The word alone makes me yawn, as a full-night’s shuteye often eludes me.
A quick glance at myself in the mirror before taking my daughter to school this morning confirmed it; I wear TIRED all over my face.
Having a child with Epilepsy teaches you to effectively run on empty; to adapt to a ridiculous, ongoing lack of sleep.
Coffee is not only a morning treat, it is my 24/7 fuel!
In the past, there were nights where I’d wake up several times, just to place my hand on her back or chest to feel her breathing, as you would with a newborn baby.
Too many times to count, I’d been jolted out of bed by false alarms of an overly sensitive, unreliable seizure monitor…alerting me to her simply rolling over, or sitting up happily clapping!
One night this past April, the sleep game forever and completely changed.
Lying beside my daughter, I awoke to her having a nocturnal seizure.
Fear unlike any I’d felt before washed over me and I quickly sprang into action.
After another seizure and an ambulance ride, we spent the next several days in the hospital.
She had a virus and an unrelenting fever.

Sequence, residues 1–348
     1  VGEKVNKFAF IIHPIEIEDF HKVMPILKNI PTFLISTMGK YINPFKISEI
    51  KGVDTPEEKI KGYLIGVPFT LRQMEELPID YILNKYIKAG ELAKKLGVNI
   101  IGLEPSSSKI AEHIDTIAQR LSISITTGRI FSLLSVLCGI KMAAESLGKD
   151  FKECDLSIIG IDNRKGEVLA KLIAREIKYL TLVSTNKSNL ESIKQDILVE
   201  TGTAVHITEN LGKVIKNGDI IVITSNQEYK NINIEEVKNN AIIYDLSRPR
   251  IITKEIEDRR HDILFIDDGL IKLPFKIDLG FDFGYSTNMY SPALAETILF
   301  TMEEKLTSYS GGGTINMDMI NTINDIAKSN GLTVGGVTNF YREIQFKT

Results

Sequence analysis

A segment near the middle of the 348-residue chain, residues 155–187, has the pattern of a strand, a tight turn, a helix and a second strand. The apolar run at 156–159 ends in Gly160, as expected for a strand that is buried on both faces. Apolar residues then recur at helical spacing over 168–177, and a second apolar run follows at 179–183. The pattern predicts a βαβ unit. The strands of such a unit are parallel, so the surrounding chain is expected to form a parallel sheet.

With fever, comes more seizures.
While lying in her hospital bed with her on the third night of our stay, she had another nocturnal seizure at 4:30 am.
I was already awake and saw it coming over her…within seconds, the pulse oximeter went off as I simultaneously rang for the nurse.
As I listened to the ear numbing, shrieking beeps of the machine, I watched her oxygen level numbers take a scary nosedive, and her pulse rate soar.
In that moment, with my heart in my throat, I knew I’d never sleep soundly EVER again.
Once she recovered and was peacefully sleeping again in my arms, I also knew that I wasn’t leaving that hospital without a means to alert me in the night if this were to ever happen again.
All I could think of was, “What if I wouldn’t have woken up when I did that night at home?”
“What if I hadn’t been sleeping right next to her?”
That was too much for a mother to ever have to wonder.
Fast forward four months… I’m still one seriously tired Momma.
That comes with the territory of special needs parenting.
However, when I wake now during the night, the reassuring sound of melodic beeps lulls me back to sleep.
Those slow and steady beats mean that everything is OK.
Thanks to our doctor, and a persevering advocate and case manager, we have a pulse oximeter machine at home.
My mind is now much more at ease, knowing I can peek into her room and see her pulse rate and oxygen level on the screen.
I know that it will sharply alert me if those numbers go in the wrong direction.
It doesn’t take away all of the worry, but it certainly pacifies my mind enough to manage some real rest now.
I may even be able to cut down on the coffee a bit…someday.